Essential Accessible Malaga Guided Walking Tour
This 3-hour accessible Malaga walking/rolling tour begins with your friendly local tour guide meeting you at the cruise dock. From there, your Essential Accessible Malaga Guided Walking Tour will head out on a leisurely stroll along the charming streets of the Spanish Costa del Sol city to give you a perfect overview of the charming Spanish city without having to worry about accessibility barriers..
Your first stop of the day will be Plaza de la Constitución, the main square of the city. The Plaza is home to beautiful, well-preserved Spanish architecture, the beautiful Fuente de Genova fountain, charming cafes and small shops and a large pedestrianized area dedicated to the history of the city.
Next, you will stroll through the pedestrianized, main shopping street in Malaga, Calle Marques de Larios, to the glorious Malaga Cathedral. This impressive Renaissance and Baroque-style Cathedral was built between 1528 and 1782, and due to lack of funds, only one of the planned two towers were completed. While here, you will have an opportunity to enter the Cathedral to admire the beautiful interior work including the exquisite choir stalls with extravagant carvings and the two rare and beautiful organs with more than 4,000 pipes.
From the Cathedral, you will continue along Calle San Agustin to the ancient Roman amphitheater. The Theater was built in the age of Augustus and stands as an impressive ruin site and a modern visitor center displaying stories and artifacts from everyday Roman life. Escorted by your tour guide, you will see the parts of the ruin site that are accessible and learn about the fascinating history of the place.
The final part of your accessible walking tour will be spent admiring some of the most popular sights of the city, including Gibralfaro Castle and Plaza de Merced. The Plaza is one of the most beautiful squares in the city, and it is dominated by its large Torrijos monument, a large obelisk, in the very center. This Square was also the place where the famous Picasso was born.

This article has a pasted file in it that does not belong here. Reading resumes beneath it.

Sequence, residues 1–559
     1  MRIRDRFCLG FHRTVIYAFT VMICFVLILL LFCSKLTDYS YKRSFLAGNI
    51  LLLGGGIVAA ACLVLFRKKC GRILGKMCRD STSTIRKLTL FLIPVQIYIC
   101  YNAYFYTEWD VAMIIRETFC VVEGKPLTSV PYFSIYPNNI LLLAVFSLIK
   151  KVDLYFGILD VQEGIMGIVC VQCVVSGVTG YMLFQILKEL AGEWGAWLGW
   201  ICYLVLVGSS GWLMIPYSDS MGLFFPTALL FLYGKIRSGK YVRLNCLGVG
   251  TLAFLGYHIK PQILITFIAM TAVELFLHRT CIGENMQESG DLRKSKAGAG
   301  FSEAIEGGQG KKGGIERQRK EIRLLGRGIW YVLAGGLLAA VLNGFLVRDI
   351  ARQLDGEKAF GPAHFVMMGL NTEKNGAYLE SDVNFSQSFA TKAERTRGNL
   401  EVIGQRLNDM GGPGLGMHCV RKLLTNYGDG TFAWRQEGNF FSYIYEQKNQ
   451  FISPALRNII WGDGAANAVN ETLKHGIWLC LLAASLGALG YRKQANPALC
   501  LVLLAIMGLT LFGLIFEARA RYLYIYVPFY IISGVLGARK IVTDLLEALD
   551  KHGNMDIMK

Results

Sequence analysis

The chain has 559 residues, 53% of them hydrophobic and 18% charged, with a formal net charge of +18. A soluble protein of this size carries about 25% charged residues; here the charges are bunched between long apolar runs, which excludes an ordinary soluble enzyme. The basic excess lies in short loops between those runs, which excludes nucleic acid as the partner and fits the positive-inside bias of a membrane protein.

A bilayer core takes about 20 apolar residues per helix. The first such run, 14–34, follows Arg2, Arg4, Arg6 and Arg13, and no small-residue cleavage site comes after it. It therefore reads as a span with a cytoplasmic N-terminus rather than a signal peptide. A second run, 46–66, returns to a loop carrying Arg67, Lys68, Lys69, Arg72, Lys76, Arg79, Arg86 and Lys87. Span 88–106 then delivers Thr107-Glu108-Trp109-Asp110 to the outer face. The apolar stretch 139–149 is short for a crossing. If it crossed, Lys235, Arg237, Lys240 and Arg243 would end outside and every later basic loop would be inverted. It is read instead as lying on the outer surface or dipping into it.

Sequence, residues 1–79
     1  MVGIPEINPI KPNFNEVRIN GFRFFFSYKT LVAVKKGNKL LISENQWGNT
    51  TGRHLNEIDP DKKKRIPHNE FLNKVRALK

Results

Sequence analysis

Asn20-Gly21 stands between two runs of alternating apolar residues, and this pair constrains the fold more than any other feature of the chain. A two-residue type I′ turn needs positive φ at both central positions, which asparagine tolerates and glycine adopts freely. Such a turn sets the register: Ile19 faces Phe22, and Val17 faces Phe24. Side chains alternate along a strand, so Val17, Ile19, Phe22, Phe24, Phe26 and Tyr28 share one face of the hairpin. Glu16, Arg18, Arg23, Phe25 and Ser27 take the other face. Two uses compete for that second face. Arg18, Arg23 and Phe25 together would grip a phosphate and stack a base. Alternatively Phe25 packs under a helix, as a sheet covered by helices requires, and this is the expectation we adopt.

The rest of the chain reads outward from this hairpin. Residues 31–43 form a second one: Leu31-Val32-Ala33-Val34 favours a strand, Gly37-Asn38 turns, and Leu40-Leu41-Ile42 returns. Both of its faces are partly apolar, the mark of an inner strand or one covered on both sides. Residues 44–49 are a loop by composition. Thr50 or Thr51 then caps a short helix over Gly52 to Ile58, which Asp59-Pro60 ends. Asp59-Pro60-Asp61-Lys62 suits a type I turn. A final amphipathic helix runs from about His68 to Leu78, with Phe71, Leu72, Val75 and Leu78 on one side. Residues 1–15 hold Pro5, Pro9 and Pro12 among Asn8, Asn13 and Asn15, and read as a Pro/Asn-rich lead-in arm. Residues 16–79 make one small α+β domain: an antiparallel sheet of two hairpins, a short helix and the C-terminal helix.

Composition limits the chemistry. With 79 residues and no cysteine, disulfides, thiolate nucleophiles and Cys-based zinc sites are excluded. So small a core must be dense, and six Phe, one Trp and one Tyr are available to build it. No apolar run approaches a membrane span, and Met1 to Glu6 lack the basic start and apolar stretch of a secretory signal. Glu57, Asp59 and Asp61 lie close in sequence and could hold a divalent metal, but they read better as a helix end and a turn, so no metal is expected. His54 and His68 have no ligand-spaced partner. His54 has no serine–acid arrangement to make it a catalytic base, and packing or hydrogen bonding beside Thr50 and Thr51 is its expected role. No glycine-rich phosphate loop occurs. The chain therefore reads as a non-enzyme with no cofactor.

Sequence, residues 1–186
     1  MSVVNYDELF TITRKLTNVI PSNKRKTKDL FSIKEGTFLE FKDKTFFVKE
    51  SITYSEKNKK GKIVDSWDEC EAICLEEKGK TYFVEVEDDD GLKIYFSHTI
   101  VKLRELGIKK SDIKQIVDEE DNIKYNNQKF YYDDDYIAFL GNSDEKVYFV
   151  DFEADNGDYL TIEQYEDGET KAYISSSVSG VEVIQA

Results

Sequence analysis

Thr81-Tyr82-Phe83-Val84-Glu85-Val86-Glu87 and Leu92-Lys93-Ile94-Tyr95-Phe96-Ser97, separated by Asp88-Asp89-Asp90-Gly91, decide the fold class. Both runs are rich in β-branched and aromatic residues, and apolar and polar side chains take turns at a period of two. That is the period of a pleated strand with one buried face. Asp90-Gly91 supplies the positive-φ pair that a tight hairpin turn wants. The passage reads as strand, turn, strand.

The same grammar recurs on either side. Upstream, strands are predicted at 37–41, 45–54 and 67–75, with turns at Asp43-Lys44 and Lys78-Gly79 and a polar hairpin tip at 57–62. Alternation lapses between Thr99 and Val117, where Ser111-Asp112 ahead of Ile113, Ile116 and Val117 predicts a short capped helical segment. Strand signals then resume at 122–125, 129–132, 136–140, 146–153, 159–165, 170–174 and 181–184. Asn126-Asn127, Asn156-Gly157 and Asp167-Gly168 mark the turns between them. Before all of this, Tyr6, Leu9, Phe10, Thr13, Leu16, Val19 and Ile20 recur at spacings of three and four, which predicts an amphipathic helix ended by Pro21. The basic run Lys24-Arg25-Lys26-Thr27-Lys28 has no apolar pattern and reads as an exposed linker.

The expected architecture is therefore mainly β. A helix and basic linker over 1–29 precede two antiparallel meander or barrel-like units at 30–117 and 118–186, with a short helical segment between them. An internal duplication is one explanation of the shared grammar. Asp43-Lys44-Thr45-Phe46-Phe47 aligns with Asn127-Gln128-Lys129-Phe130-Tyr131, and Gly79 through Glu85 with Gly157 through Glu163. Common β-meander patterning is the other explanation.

The Essential Accessible Malaga Guided Walking Tour utilizes a step-free and flat route. Several areas are completely pedestrianized with smooth surfaces. The complete route from start to finish is approximately 1.7 miles long. You will encounter some mild cobblestones by Calle San Agustin and some parts of the Roman Theater are not accessible.
Wheelchair Friendly Day Trip to Alhambra Palaces and Granada
This 8 hour Private Accessible Day Trip to Alhambra Palace and Granada begins with your private driver and accessible van meeting you at the Malaga cruise dock to take you on a journey you won’t soon forget. You’ll head out on a scenic drive from the coast to the scenic Andalusian inland and the incredible Alhambra. This massive fortress complex is located in Granada, and was originally constructed as a small fortress in AD 889 on the remains of Roman fortifications. It was completely renovated and rebuilt in the mid-13th century and converted into a royal palace in 1333 by Yusuf I, Sultan of Granada. Escorted by your private tour guide, you’ll explore this amazing site using accessible routes.